12) “The only way Congress can get one dollar to spend is to take that one dollar from Americans, borrow that one dollar from Americans, or inflate that one dollar from Americans. So, it’s very much like the visual image of a swimming pool. A person notes there is a shallow end, so he takes the water out of the deep end and pours it in the shallow end, hoping to raise the height of the water in the pool – and you would call that person stupid.”
11) “The difference between a thief and a congressman: When a thief steals your money, he doesn’t expect you to thank him.”
10) “Government is about coercion. Limiting government is the single most important instrument for guaranteeing liberty.”
9) “In general, presidents and congressmen have very limited power to do good for the economy and awesome power to do bad. The best good thing that politicians can do for the economy is to stop doing bad. In part, this can be achieved through reducing taxes and economic regulation, and staying out of our lives.”
8) “Wealth comes from successful individual efforts to please one’s fellow man…that’s what competition is all about: ‘outpleasing’ your competitors to win over the consumers.”
7) “Poverty in Egypt, or anywhere else, is not very difficult to explain. There are three basic causes: People are poor because they cannot produce anything highly valued by others. They can produce things highly valued by others but are hampered or prevented from doing so. Or, they volunteer to be poor.”
6) “How many times have we heard ‘free tuition,’ ‘free health care,’ and free you-name-it? If a particular good or service is truly free, we can have as much of it as we want without the sacrifice of other goods or services. Take a ‘free’ library; is it really free? The answer is no. Had the library not been built, that $50 million could have purchased something else. That something else sacrificed is the cost of the library. While users of the library might pay a zero price, zero price and free are not one and the same. So when politicians talk about providing something free, ask them to identify the beneficent Santa Claus or tooth fairy.”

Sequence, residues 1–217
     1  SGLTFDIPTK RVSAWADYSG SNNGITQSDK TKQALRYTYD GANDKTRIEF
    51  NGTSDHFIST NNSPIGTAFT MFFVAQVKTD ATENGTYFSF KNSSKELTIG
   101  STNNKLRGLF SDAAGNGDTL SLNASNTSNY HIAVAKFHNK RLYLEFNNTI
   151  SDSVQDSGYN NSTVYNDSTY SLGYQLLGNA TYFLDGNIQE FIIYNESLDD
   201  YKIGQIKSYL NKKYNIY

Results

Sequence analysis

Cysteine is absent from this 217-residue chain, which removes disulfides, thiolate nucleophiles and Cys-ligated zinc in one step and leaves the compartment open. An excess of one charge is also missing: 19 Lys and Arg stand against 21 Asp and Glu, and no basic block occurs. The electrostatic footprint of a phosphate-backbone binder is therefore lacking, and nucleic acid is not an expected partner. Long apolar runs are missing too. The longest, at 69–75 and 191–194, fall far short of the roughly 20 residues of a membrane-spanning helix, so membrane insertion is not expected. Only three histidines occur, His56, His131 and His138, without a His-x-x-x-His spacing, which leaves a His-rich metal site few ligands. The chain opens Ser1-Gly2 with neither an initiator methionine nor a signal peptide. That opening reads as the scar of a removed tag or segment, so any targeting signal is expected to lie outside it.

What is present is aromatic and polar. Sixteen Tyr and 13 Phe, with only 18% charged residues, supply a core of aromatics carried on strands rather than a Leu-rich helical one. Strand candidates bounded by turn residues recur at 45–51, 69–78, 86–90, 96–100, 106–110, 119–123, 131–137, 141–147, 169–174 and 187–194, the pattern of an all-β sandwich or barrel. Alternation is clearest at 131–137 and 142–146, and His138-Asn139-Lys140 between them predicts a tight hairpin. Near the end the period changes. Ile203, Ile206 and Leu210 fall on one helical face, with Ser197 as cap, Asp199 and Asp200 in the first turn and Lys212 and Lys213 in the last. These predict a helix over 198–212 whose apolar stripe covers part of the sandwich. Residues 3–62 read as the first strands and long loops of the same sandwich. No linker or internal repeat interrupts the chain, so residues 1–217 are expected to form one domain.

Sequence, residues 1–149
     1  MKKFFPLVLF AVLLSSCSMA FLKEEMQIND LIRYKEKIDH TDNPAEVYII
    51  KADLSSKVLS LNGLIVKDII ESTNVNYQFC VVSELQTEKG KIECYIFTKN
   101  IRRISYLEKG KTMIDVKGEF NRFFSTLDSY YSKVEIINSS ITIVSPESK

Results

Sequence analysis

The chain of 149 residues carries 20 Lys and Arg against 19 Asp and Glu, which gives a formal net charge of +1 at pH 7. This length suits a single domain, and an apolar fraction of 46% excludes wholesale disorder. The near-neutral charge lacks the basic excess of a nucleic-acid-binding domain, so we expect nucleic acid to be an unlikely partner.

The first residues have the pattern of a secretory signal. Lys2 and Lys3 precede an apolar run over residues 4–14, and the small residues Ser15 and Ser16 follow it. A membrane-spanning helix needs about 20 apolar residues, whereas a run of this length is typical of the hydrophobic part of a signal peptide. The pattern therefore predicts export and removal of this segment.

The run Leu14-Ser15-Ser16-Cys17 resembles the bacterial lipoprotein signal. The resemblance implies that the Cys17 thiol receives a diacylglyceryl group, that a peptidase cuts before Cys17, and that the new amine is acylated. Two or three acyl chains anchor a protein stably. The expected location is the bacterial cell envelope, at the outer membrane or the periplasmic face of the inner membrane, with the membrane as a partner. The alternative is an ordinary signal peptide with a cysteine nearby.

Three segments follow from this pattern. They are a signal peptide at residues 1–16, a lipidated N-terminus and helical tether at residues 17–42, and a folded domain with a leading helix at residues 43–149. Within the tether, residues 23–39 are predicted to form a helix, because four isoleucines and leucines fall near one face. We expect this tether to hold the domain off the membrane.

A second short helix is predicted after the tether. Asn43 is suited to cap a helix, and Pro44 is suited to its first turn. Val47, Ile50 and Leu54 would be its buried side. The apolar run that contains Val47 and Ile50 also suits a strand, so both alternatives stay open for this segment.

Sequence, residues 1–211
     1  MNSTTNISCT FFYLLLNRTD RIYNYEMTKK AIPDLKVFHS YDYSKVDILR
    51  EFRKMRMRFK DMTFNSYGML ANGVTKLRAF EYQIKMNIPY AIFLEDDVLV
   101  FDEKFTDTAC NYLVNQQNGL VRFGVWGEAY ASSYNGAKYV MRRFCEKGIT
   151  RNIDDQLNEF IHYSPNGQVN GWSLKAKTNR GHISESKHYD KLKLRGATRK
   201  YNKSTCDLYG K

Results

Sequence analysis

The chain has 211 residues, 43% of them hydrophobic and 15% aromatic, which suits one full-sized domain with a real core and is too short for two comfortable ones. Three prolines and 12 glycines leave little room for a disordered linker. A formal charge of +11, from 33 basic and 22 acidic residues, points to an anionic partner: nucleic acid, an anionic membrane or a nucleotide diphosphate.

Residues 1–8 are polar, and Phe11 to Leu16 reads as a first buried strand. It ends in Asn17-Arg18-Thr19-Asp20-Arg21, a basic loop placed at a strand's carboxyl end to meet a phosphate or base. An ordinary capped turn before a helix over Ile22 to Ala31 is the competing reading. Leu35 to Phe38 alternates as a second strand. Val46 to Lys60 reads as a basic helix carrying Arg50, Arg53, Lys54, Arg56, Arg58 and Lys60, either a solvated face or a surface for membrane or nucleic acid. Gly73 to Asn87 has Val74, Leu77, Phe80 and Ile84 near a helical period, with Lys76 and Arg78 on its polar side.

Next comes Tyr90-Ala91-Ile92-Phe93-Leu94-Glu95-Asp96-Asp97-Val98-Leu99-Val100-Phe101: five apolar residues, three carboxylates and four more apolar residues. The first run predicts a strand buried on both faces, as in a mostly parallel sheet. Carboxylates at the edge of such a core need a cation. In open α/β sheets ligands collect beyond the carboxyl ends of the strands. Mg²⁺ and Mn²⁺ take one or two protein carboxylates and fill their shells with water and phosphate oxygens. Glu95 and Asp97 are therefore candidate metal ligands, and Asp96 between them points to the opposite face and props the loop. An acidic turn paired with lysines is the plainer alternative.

5) “What our nation needs is a separation of ‘business and state’ as it has a separation of ‘church and state.’ That would mean crony capitalism and crony socialism could not survive.”
4) “Suppose I hire you to repair my computer. The job is worth $200 to me and doing the job is worth $200 to you. The transaction will occur because we have a meeting of the mind. Now suppose there’s the imposition of a 30 percent income tax on you. That means you won’t receive $200 but instead $140. You might say the heck with working for me — spending the day with your family is worth more than $140. You might then offer that you’ll do the job if I pay you $285. That way your after-tax earnings will be $200 — what the job was worth to you. There’s a problem. The repair job was worth $200 to me, not $285. So it’s my turn to say the heck with it. This simple example demonstrates that one effect of taxes is that of eliminating transactions, and hence jobs.”
3) “We might think of dollars as being ‘certificates of performance.’ The better I serve my fellow man, and the higher the value he places on that service, the more certificates of performance he gives me. The more certificates I earn, the greater my claim on the goods my fellow man produces. That’s the morality of the market. In order for one to have a claim on what his fellow man produces, he must first serve him.” — Walter Williams
2) “But let me offer you my definition of social justice: I keep what I earn and you keep what you earn. Do you disagree? Well then tell me how much of what I earn belongs to you – and why?”
1) “Here’s Williams’ roadmap out of poverty: Complete high school; get a job, any kind of a job; get married before having children, and be a law-abiding citizen. Among both black and white Americans so described, the poverty rate is in the single digits.”
John Hawkins is the author of 101 Things All Young Adults Should Know.